Before me and my soon to be wife started counseling a friend gave me a book by Fr. Josiah Trenham. the book is called marriage and virginity according to St.John Chrysostom.
A terrible book, from both a scholarly and pastoral point of view. Truly terrible.
I am almost finished reading it. I disagree that it a terrible book. It is well written and researched. First let me clearly state that Fr. Josiah's knowledge of the Fathers is far superior to mine. He is a patristric scholar. I am an historian. Therefore, I naturally tend to put St. John Chrysostom's thought within its proper historical context. I believe that although Fr. Josiah makes many valuable points that relate to marriage and sexuality it is a mistake to make this book a comprehensive guide for how one should live as a married Orthodox Christian in the modern world. The subject of Fr. Josiah's work is the thought of St. John Chrysostom, not contemporary Orthodox moral theology.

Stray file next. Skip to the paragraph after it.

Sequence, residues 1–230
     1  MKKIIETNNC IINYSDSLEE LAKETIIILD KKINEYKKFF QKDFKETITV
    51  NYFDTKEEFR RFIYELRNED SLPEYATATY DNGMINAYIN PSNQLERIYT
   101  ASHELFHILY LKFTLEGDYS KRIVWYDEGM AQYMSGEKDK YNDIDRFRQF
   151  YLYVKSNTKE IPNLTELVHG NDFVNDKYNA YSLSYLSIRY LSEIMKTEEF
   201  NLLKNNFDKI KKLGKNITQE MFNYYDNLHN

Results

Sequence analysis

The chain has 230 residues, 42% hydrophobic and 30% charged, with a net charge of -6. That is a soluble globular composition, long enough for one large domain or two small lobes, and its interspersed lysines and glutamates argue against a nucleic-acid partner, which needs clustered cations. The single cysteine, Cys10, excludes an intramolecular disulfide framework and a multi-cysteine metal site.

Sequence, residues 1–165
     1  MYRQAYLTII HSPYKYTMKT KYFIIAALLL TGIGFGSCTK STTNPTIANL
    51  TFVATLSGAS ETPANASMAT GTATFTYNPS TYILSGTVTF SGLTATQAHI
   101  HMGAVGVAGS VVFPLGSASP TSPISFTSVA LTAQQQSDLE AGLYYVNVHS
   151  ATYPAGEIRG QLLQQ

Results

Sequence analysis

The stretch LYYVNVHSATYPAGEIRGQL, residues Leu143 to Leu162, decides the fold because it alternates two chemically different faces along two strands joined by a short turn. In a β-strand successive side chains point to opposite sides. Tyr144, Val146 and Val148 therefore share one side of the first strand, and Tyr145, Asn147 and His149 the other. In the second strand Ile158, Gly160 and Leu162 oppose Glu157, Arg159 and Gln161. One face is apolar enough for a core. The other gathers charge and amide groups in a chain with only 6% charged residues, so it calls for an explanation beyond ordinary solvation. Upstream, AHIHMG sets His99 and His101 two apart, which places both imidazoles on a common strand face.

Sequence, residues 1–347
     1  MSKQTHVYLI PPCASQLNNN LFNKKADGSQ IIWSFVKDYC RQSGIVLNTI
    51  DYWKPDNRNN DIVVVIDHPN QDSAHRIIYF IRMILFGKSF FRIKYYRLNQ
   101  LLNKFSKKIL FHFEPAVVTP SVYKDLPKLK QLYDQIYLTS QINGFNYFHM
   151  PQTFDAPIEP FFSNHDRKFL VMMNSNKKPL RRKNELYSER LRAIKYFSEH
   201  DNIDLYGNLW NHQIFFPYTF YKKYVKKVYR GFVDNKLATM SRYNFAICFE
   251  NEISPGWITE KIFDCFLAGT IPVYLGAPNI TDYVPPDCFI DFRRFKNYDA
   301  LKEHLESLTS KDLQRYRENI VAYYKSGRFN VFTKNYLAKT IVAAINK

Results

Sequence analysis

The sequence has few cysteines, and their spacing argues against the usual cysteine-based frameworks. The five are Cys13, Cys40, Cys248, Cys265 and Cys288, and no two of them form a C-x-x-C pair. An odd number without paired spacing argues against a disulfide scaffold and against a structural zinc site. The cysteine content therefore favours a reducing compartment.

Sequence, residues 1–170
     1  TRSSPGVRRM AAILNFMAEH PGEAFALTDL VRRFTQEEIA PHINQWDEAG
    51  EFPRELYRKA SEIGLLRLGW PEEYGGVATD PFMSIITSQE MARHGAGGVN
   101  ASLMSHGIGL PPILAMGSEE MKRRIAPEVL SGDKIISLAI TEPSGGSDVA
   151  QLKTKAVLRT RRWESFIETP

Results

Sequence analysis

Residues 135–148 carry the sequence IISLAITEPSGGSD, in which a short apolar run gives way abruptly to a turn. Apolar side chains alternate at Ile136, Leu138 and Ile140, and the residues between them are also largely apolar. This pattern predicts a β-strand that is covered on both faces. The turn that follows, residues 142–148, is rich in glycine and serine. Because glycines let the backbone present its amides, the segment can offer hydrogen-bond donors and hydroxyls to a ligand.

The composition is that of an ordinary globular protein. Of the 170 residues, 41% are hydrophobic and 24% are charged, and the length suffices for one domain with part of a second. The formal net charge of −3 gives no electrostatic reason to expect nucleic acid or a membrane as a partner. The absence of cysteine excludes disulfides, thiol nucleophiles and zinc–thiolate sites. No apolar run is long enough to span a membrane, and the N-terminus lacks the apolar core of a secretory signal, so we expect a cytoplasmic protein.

Like all of the Fathers, St. John Chrysostom was not infallible. Orthodox Christians are not required to believe everything that he taught. For example in his commentary on the Wedding at Cana in his Homilies on the Gospel of St. John, he implies that Mary sinned by the way that she treated Christ. Obviously the Eastern Orthodox Church does not agree Mary sinned.